Corn and soybean prices reached all time highs during the summer of 2012, caused by the devastating drought in the Midwest.
During such periods, producers will increase production to cash in on the high prices. The increased production will result in additional products sold in the world marketplace which will reduce demand for the products and depress prices for producers.
In times of high prices, it becomes profitable for producers to plant crops on marginal crop land, which further increases harvested bushels. Consequently, the potential for larger supplies of corn and soybeans available in the marketplace will put downward pressure on prices and profit margins, if 2013 is a normal crop year.
Many producers are reluctant to forward contract part of their 2013 corn and soybean crops during December 2012 because they are not sure of 2013 input costs.
Research at Virginia Tech shows that to produce 150 bushels of corn per acre will require 165 pounds of nitrogen, 86 pounds of phosphate and 57 pounds of potash.
Using late November 2012 fertilizer prices and corn seed price of $200 per bag and fertilizer input costs ($215), these costs make up about 45 percent of total production costs to produce 150 bushels per acre yield.
In addition, soybeans require 52 pounds of phosphate and 91 pounds of potash to yield 50 bushels per acre.
With soybean seed currently priced at $20 per bag of seed and these fertilizer inputs priced at $90 per acre, these items are approximately 39 percent of total production costs to grow 50 bushel soybeans.
Thus seed and fertilize costs make up a significant part of total production costs.
In late November 2012, fertilizer dealers in Virginia were projecting that 2013 prices will be comparable to 2012 prices with one major caveat.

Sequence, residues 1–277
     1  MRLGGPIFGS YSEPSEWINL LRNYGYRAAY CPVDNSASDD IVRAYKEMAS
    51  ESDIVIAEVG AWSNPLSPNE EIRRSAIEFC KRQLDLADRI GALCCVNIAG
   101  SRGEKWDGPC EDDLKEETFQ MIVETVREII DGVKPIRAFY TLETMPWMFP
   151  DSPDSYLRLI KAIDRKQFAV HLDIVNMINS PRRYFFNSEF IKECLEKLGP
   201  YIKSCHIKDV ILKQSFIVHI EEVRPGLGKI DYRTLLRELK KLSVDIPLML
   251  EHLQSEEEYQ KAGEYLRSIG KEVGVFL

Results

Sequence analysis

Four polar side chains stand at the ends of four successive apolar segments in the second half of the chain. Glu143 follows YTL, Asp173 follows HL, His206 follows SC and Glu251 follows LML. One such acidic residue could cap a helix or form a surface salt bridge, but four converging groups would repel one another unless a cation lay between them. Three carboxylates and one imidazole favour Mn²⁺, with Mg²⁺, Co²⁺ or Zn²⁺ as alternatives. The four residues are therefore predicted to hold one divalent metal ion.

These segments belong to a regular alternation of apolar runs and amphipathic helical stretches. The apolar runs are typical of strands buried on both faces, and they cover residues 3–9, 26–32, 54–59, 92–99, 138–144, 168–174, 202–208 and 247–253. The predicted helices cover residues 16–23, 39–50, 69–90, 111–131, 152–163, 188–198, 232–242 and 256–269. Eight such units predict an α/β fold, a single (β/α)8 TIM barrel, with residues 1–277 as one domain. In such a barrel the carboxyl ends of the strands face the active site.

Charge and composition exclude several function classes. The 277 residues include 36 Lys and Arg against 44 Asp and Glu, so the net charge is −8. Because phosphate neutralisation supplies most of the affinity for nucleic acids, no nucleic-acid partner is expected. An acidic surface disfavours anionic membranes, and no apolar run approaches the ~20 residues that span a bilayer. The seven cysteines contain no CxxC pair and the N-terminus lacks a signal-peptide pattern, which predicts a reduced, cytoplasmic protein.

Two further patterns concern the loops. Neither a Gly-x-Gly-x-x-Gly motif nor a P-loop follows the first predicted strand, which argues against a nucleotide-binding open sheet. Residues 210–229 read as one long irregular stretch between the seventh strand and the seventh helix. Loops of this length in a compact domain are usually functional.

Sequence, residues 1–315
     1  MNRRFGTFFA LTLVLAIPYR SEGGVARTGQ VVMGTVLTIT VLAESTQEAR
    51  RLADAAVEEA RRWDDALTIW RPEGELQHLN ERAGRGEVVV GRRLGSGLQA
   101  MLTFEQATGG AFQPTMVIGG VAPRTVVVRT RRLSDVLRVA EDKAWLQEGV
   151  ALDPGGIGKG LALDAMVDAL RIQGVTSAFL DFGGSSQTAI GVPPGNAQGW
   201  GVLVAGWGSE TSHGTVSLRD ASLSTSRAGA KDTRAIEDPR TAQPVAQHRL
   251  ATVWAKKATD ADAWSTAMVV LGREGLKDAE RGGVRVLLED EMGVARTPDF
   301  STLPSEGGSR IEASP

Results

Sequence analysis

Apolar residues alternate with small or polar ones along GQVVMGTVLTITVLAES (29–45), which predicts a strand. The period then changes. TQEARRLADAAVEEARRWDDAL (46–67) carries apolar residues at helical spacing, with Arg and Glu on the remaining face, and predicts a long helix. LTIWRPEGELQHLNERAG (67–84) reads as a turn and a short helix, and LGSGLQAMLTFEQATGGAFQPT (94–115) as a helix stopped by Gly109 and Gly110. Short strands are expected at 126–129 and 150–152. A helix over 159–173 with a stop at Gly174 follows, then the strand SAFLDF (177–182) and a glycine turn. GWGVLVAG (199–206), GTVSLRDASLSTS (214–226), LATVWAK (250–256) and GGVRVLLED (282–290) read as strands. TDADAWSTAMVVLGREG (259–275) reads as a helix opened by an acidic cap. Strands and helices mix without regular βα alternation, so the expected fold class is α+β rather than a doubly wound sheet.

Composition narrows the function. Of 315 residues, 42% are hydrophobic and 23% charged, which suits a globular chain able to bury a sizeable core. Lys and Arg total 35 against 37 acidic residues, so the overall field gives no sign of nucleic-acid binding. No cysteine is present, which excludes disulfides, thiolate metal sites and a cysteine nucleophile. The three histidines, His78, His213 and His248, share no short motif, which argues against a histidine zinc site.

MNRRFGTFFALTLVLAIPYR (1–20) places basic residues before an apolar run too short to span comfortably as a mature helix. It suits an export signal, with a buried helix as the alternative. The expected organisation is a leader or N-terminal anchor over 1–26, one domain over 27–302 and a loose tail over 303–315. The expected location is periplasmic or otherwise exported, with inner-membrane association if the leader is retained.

The 2012 drought has significantly reduced water levels on the Mississippi River where barges are major transporters of fertilizer to dealers in the Midwest. If water levels remain low in the next three months, it is highly likely the Mississippi River will be closed to barges from St. Louis to the Gulf of Mexico.
Shortages may occur
Consequently, fertilizer will be delivered by rail and trucks. This will increase transportation costs and significantly increase the odds that shortages may occur because the fertilizer will not be delivered to dealers on a timely basis.
Thus, shortages are a likely outcome and prices will increase because supplies will be diverted to regions with the largest demand.
In today’s volatile fertilizer markets, dealers have indicated it is difficult to lock in prices for more than one or two weeks. Therefore, it is advantageous for producers to buy and store fertilizer on their farms in order to avoid potential price increases and shortages and seasonal prices that go up during planting season.
Many farms have tanks that are used to store liquid nitrogen and fertilizer. In addition, some farms have built machinery sheds that have concrete floors which were constructed with vapor barriers that prevent moisture from reaching the surface of the concrete floor.
Purchasing and taking possession of the fertilizer inputs will allow producers to lock in part of their fertilizer costs for 2013.
Crop insurance can be used to help cover production costs in the event that yields are reduced by drought or adverse weather conditions. Revenue crop insurance can be used to lock in prices that generate profits.
Likewise, during a drought year, revenue crop insurance can help a producer fulfill the financial obligations of a forward contract when the producer is unable to deliver bushels needed to fulfill the contract.
I strongly encourage producers to work with their crop insurance agents to determine the levels of crop insurance and revenue crop insurance that are needed to lock in profits and meet the financial obligation of the forward contracts in the event that a drought occurs in 2013.
The profits generated by forward contracting 2013 corn and soybean crops and locking in fertilizer costs will be significantly greater than the opportunity (interest) costs of purchasing inputs several months before planting.
Likewise, the price of the tarps that are used to cover machinery that was parked in the machinery shed will be a minor investment compared to the savings in fertilizer prices that will be generated by purchasing and storing fertilizer in the machinery shed!
In an era of highly cyclical and volatile grain and fertilizer markets, producers in December 2012 have an excellent opportunity to consider ways to limit risk and stabilize some of their production costs in 2013.
Producers should look for ways to reduce the uncertainty of spot markets for input and develop a plan to reduce risk with insurance.